How Biography Informs Musical Analysis – A Reflective Process

Research output: Contributions to conferencesPaper



New thinking in feminist musical analysis is bringing together biographical details of women composers and the technical understanding of their compositions to gain a better understanding of their work. In Ellie Hisama’s “Gendering Musical Modernism” she draws on Showalter’s idea of a double-voiced discourse to show how an analysis of the third movement of Ruth Crawford’s String Quartet of 1931 reflects her experiences as a women composer working in a modernist style which was male dominated at that time. Writers about Crawford’s life disagree regarding the extent to which her experiences as a woman led to her abandoning modernist composition shortly after she wrote this piece. My own experiences as a woman composer share some similarities with Crawford’s. By understanding Crawford through her biography and her music I aim to gain a better understanding of my own output, and as a result, to reflect back on what may have happened to Crawford. My paper will examine Hisama’s thinking about Crawford’s String Quartet and consider how the biographers interpret the life events that surround this piece. It will also examine my String Quartet of 1985 and consider my own life events at that time. If Hisama’s method throws new light on meanings in Crawford’s music, can the same process shed new light on meanings in my own music? Do my reflections on my own life story and music generate new ideas about what may have happened to Crawford?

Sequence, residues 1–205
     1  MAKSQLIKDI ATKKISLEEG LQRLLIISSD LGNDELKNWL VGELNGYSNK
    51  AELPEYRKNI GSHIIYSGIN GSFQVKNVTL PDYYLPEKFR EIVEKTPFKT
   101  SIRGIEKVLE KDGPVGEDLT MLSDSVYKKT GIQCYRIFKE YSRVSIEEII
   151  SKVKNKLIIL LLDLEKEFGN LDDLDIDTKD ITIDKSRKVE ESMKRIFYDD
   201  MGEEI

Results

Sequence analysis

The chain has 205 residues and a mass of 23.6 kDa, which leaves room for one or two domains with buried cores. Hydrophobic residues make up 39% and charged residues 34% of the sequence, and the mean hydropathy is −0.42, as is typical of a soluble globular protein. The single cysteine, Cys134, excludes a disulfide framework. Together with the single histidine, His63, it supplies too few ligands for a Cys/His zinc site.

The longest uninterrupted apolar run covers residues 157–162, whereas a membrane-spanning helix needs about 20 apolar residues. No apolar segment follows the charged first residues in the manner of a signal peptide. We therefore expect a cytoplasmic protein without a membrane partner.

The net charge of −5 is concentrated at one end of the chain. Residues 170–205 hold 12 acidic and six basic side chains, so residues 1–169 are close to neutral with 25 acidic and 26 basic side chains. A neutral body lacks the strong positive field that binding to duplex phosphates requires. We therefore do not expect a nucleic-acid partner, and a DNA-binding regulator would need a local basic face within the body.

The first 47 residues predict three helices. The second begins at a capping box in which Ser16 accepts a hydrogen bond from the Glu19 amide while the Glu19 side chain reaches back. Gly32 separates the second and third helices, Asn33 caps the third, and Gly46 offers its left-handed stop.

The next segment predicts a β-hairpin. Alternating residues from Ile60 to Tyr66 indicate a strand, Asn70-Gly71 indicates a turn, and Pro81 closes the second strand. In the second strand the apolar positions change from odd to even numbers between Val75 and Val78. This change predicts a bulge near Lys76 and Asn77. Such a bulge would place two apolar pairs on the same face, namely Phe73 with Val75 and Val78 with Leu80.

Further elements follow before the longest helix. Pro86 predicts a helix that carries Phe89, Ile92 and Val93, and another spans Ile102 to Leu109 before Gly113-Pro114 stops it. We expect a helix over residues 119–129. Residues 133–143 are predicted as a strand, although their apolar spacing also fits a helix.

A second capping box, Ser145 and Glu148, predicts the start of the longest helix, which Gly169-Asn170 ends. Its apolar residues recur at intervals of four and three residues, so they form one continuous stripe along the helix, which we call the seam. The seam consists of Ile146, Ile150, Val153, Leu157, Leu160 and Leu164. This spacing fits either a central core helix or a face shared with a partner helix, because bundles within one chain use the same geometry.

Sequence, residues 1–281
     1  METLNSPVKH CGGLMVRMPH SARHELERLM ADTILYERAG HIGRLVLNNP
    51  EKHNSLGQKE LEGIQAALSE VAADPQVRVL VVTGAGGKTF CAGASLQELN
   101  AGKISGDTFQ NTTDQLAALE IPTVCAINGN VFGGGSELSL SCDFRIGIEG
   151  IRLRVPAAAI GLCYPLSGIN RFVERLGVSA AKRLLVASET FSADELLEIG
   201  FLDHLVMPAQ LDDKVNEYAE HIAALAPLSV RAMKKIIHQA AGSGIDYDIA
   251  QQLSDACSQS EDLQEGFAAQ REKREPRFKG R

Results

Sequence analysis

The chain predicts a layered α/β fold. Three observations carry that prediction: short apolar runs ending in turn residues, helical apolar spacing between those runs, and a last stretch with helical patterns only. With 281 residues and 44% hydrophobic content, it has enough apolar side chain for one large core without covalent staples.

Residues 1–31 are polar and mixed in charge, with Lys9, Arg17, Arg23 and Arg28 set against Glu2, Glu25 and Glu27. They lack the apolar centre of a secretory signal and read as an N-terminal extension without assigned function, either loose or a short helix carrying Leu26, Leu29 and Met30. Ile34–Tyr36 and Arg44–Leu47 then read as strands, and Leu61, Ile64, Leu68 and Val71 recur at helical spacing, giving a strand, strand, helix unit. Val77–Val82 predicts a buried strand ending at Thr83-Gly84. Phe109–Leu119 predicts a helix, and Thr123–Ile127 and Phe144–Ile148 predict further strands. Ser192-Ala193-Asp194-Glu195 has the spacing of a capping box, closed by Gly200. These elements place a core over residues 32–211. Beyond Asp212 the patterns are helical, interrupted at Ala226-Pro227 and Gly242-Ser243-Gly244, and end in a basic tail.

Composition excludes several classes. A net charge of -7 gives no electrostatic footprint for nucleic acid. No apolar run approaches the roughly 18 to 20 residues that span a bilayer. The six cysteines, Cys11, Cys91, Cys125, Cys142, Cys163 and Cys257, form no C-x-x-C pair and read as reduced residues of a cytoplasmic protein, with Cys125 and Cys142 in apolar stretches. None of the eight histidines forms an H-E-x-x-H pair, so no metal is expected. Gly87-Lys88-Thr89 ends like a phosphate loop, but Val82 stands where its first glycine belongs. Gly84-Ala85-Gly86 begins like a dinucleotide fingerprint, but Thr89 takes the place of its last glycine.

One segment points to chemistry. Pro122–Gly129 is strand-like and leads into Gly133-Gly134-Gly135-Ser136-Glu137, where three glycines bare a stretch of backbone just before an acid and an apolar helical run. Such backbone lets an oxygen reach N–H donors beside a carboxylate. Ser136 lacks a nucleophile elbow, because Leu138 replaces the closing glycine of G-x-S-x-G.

Original languageEnglish
Publication statusPublished or Performed - 9 Apr 2015
EventMusical biography: National ideology, Narrative technique, and the Nature of myth - Institute of Musical Research, Malet Street, London, United Kingdom
Duration: 9 Apr 201511 Apr 2015


ConferenceMusical biography: National ideology, Narrative technique, and the Nature of myth
Country/TerritoryUnited Kingdom
Internet address

Author keywords

  • reflective practice, feminist musicology